Ideally, you combine all these techniques. So if there is something you forget somewhere, you will end up trapping the bad guy on the next level of protection.
0
 
LVL 11

Expert Comment

by:SAMIR BHOGAYTA
ID: 39665062
There is a big difference between a web environment and a desktop environment. When developing web sites and services, the thing you don't trust is the user (user input). When running a desktop application, the thing that isn't trusted is the application itself, or atleast, a system administrator would like to know whether the application itself doesn't do any harm, since code the runs on the local computer is a risk by itself.

So in a sense, for you as a developer of a desktop application, security rules not always apply, since the application you run is not a black box, but a white box. With a web service / site, you expect attacks to not be able to change the internal state, but with any desktop app (Java, .NET, native) it is 'quite' easy to change the state of the application while the application is running and especially with Java and .NET, debugging and decompiling an application is quite easy.

In other words, you must consider the desktop application completely compromised, and if this is a risk, you must extract everything that must be secure (authentication, authorization, validation) to an external (web) service. For this service, the 'normal' OWASP rules apply.

Things you should watch, is that it's really hard to completely secure your data layer, when a desktop application connects directly to a database. For instance, SQL injection is not an issue for your desktop application in this case, since when the application can directly connect to the database, so can the user. And if the user can connect to the database, he can execute any arbitrary query. This is an extreme form of SQL injection, but it completely skips your application.

Trying to secure a 2 tier application, often means the use of stored procedures as intermediate (service) layer (and preventing direct access to tables). Developing and maintaining stored procedures is much more costly than developing a .NET (web) service.
0
 
LVL 38

Assisted Solution

by:Jim P.
Jim P. earned 100 total points
ID: 39673650
Always remember to sanitize your inputs.
0
 

Author Closing Comment

by:lthames
ID: 39674893
Thanks. . . . This was all quite a lesson that I wasn't aware of.

We already check the user inputs.  MOST user inputs are qualified to the specific need (single valid dates, input within the right numerical range, etc).  But this makes me wonder about some a couple of functions (job search and customer search) that are not already qualified and could be an issue.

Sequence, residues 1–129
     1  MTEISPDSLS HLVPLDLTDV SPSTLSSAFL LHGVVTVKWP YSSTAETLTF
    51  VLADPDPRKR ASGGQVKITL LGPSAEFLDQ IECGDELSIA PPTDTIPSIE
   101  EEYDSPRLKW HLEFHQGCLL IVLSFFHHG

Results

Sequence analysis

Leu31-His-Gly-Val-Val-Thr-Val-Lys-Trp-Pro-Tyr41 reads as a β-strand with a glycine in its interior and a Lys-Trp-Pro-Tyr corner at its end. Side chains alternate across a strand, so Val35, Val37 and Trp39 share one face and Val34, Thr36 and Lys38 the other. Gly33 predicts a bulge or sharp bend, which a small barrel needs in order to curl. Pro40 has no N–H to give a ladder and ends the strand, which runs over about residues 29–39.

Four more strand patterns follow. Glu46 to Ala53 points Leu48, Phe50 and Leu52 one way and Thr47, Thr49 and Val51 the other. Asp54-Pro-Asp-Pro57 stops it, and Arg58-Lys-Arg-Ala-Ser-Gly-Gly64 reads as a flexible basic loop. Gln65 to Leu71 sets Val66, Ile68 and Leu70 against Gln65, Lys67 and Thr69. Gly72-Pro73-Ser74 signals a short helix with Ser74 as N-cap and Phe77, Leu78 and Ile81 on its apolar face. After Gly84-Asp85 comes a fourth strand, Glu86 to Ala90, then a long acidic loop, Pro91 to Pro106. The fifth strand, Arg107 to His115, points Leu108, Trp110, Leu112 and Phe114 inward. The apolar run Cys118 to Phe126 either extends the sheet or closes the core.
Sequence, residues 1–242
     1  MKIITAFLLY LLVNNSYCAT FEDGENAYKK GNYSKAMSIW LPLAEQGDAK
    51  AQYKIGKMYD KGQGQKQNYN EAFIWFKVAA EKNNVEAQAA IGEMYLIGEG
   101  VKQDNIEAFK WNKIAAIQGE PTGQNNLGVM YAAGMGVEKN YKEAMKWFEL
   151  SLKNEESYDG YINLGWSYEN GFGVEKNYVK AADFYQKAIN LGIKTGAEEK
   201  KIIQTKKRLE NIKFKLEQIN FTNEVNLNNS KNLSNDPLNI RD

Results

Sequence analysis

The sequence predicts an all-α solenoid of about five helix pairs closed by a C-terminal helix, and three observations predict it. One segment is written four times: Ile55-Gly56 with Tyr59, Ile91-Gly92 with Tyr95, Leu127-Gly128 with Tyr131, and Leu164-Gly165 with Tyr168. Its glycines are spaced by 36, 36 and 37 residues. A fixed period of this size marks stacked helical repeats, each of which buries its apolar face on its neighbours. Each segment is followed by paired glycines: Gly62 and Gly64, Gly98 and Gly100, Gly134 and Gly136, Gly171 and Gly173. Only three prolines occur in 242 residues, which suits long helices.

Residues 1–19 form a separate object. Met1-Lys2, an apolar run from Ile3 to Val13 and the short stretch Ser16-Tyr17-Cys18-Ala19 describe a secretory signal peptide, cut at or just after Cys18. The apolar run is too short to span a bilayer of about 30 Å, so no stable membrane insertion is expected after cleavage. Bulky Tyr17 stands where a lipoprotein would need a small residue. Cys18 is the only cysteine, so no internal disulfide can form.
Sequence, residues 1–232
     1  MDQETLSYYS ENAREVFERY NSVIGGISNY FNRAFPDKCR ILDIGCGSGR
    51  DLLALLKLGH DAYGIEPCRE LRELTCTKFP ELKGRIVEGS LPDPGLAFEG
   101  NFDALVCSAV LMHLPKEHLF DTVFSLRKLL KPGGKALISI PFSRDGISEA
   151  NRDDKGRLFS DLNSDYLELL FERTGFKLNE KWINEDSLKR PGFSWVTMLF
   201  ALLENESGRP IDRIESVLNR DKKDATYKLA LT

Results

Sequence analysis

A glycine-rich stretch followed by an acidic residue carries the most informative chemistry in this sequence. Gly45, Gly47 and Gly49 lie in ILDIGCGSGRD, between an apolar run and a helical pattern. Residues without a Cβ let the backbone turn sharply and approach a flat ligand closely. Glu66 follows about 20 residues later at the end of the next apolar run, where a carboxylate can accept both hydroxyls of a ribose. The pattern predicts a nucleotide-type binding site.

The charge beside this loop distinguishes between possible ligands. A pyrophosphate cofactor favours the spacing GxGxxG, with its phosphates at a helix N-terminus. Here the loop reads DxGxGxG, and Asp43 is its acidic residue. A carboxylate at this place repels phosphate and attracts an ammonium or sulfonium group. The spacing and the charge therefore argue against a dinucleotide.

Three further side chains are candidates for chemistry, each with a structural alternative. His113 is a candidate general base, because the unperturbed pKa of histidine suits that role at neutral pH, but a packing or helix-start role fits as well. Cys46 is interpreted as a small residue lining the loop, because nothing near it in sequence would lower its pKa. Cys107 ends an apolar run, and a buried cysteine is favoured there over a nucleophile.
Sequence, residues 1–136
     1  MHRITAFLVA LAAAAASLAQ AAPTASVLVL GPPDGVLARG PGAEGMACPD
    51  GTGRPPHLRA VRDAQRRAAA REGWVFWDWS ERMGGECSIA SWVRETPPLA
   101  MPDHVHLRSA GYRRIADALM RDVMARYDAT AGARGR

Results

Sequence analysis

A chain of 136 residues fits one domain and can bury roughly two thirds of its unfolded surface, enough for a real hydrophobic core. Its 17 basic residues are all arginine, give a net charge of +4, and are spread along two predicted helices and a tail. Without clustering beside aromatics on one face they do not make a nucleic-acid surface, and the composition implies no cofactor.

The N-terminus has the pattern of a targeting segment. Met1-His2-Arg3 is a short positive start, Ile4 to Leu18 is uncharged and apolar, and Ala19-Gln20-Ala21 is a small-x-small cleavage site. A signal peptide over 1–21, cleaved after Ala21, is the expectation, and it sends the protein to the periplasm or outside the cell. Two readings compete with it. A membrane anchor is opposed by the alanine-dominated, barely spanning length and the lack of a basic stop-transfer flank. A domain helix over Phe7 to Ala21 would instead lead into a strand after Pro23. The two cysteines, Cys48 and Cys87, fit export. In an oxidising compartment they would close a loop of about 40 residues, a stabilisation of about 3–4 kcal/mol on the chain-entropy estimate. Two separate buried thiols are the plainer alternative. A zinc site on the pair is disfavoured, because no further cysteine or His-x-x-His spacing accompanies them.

I will start with moving those to stored procedures that protect from entry.

Thanks again
0

Featured Post

Complete VMware vSphere® ESX(i) & Hyper-V Backup

Capture your entire system, including the host, with patented disk imaging integrated with VMware VADP / Microsoft VSS and RCT. RTOs is as low as 15 seconds with Acronis Active Restore™. You can enjoy unlimited P2V/V2V migrations from any source (even from a different hypervisor)

Question has a verified solution.

If you are experiencing a similar issue, please ask a related question

Suggested Solutions

Title # Comments Views Activity
vb.net, web page, SQL holding the selected data in an accessible variable 7 35
How can I find this data? 3 29
Copying from a network share 3 26
vb.net datagrid point 4 23
You can of course define an array to hold data that is of a particular type like an array of Strings to hold customer names or an array of Doubles to hold customer sales, but what do you do if you want to coordinate that data? This article describes…
Calculating holidays and working days is a function that is often needed yet it is not one found within the Framework. This article presents one approach to building a working-day calculator for use in .NET.
Get people started with the process of using Access VBA to control Outlook using automation, Microsoft Access can control other applications. An example is the ability to programmatically talk to Microsoft Outlook. Using automation, an Access applic…
Get people started with the utilization of class modules. Class modules can be a powerful tool in Microsoft Access. They allow you to create self-contained objects that encapsulate functionality. They can easily hide the complexity of a process from…

730 members asked questions and received personalized solutions in the past 7 days.

Join the community of 500,000 technology professionals and ask your questions.

Join & Ask a Question